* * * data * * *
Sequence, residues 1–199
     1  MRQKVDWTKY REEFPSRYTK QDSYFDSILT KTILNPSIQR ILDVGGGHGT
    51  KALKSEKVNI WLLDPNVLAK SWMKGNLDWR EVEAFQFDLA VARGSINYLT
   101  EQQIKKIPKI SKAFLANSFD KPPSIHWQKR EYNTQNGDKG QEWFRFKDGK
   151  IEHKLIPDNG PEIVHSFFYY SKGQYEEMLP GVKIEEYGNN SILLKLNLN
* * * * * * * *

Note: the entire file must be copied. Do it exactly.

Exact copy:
Sequence, residues 1–199
     1  MRQKVDWTKY REEFPSRYTK QDSYFDSILT KTILNPSIQR ILDVGGGHGT
    51  KALKSEKVNI WLLDPNVLAK SWMKGNLDWR EVEAFQFDLA VARGSINYLT
   101  EQQIKKIPKI SKAFLANSFD KPPSIHWQKR EYNTQNGDKG QEWFRFKDGK
   151  IEHKLIPDNG PEIVHSFFYY SKGQYEEMLP GVKIEEYGNN SILLKLNLN